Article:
Women in Leadership; A New Normal in Family Business

Women in Leadership; A New Normal in Family Business

Family businesses are empowering women by letting them spearhead the business leadership. The trend is catching on in Australia – David Harland, Managing Director of FINH

There’s more evidence to show women are assuming important leadership positions for family businesses all around the world. It’s a welcome development and another sign that family business continues to be a wonderful engine for social change in 2016. Today I want to take a broader look at the state of gender equality in global family businesses, but I also want to highlight some remarkable female leaders who’ve already accomplished a lot around the world.

Family Businesses Are Empowering Women, Study Finds

A collaborative study by Kennesaw State University (in Georgia, U.S.A.) and Ernst & Young found that global family-owned or controlled businesses have a far higher percentage of women in leadership positions than other types of companies. Results were published in Fortune Magazine in a July, 2015 edition.

Private businesses were only eligible for the survey if the family controlled at least 50 per cent of shares and voting rights. The focus was large and broad – 25 of the largest family businesses in nearly two dozen large global markets, with the average firm bringing in $3.5 billion in sales ($5.09 billion AUD) and boasting 12,000 employees. Among those surveyed, 22 per cent of top management teams were women. It’s still a small number, but it’s already nearly double the 12.9 per cent figure reported in 2013.

More impressively, nearly 70 per cent of surveyed family businesses were considering a woman as their next CEO; just 5 per cent of non-family, publicly traded companies had female CEOs in a 2015 study. The most equal boards were found in Norway (35.5 per cent female board members) while the least equal were in Japan (just 3.1 per cent).

Lesa France Kennedy: The Most Powerful Woman in Sports

Lesa France Kennedy is CEO of International Speedway Corporation, the sporting giant that controls 12 NASCAR series events, and also serves as NASCAR’s Vice Chairperson. She’s also recently been named the “most powerful woman in sports” by an independent panel (actually the second time Ms. Kennedy has won this distinction).

Kennedy wields influence with a soft touch and a behind-the-scenes profile. She started working with the International Speedway Corporation in 1983 immediately after earning degrees in economics and psychology from Duke University. “She has the ability to marshal people and resources in a very effective way,” brother Brian says of Lesa.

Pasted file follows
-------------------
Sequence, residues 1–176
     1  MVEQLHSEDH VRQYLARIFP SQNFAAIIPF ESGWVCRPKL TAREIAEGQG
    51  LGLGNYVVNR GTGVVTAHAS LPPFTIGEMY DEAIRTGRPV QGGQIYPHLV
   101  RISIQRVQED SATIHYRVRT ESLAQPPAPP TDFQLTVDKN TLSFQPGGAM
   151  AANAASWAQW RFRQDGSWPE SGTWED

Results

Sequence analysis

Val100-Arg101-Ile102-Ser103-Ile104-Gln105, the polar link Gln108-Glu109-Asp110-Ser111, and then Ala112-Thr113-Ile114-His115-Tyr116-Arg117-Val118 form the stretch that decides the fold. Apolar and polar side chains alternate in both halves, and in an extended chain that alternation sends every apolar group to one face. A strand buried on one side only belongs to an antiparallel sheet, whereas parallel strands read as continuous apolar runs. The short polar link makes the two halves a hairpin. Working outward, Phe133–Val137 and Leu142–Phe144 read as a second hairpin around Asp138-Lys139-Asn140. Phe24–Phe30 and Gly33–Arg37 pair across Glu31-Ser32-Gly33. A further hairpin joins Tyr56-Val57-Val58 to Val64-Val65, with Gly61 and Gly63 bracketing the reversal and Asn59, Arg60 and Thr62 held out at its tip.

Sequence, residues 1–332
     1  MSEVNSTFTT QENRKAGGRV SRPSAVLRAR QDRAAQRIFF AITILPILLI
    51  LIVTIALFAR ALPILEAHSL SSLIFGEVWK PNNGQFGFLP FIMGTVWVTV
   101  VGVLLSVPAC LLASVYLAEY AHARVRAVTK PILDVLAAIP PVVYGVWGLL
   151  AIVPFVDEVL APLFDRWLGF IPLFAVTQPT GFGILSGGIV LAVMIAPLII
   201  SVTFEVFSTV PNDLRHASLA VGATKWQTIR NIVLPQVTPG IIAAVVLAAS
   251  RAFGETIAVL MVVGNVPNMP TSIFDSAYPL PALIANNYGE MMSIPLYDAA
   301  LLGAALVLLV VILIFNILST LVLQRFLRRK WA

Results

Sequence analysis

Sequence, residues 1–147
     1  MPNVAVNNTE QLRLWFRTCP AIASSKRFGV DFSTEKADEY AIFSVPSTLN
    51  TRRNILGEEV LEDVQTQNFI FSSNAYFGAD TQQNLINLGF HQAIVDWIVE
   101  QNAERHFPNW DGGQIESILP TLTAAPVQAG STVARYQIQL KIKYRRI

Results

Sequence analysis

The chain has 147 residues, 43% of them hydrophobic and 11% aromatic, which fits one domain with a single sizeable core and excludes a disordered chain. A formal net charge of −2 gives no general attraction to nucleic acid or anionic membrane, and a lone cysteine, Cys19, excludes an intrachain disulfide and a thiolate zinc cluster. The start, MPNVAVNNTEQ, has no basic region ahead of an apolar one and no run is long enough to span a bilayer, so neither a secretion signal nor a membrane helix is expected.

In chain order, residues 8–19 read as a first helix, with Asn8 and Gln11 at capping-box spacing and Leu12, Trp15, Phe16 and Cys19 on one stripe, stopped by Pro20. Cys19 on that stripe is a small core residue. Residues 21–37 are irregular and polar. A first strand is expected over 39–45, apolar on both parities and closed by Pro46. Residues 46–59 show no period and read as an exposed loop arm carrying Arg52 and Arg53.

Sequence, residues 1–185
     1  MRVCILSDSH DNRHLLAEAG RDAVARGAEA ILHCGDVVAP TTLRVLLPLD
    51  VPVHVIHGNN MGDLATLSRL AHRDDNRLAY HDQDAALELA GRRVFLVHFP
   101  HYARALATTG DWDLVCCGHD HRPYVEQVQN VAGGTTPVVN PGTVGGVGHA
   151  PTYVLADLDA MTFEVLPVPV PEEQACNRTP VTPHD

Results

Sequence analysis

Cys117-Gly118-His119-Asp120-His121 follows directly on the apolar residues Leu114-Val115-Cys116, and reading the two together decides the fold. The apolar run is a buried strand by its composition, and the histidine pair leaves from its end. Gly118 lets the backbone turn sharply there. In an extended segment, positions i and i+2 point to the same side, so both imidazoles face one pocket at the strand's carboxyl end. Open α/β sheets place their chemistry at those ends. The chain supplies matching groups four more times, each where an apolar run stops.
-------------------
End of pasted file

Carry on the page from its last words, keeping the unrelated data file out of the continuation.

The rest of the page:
Emma Hill: 30 Years of Jewelry, Romance and Soul

Closer to home in New Zealand, international jeweler Michael Hill International recently announced that Emma Hill will take over as Chairwoman. She succeeds her father, founder Michael Hill, and received support from independent members of the board after the announcement. There had been some concern about the chairmanship being passed to family – particularly a daughter. To his credit, Michael Hill took those concerns head on, saying “it’s important to keep the company going as a family business so it’s not a clinical, big business without romance and soul.”

Emma Hill’s story is familiar to those who follow family business successions; she worked within the company for years, often under the direct tutelage of her father, to be groomed for leadership. Her career in jewelry now spans more than three decades, starting as a floor worker when she was a teenager. She had previously served as deputy chair in 2011. The Hill family did it the right way.

Sabrina Chao: Third-Generation Daughter and Proven Executive

While Emma Hill took over Michael Hill International in an organized and planned succession, Sabrina Chao of Hong Kong-based WahKwong Maritime Transport Holdings had a much rougher transition. Operational responsibility for the company passed to her in 2010 when, at the young age of 30, Ms. Chao’s father suffered a stroke. Living in a culture steeped in traditional, male-dominated Chinese values, Chao had to prove herself from the get-go.

In January 2013, after years of profitable stewardship, Chao was named Chairwoman of WahKwong’s board. By that time WahKwong had 30 ships and $200 million in revenue. She has already navigated several downturns in regional and global shipping markets by sticking to the basics and not trying to shine too brightly at once. “It’s been about having the right assets and the right customers,” says Chao. “Most importantly, it’s about having the right people and focusing on the detail at every level of the organization.”

Looking Forward: Female Leadership in Australia

While Australian politicians and big business grapple with reasonable representation of women, family businesses are leading the way. The NSW Bar Association published a report in January about the NSW Labor party, finding it rife with misogyny, sexism and harassment. The report included that “There was a tendency to give women a chance when everything else had gone wrong.”

Family business, by contrast, are taking the lead role in Australia. As I’ve pointed out before, family business structures benefit women and women benefit family businesses. Women owned 33 per cent of family businesses in Australia in 2015, up from just 2 per cent in 1994. The female leadership model is alive and growing.

Does your Family Business have a potential female leader and you want advice on women business leadership?  Call FINH now on 07 3229 7333.

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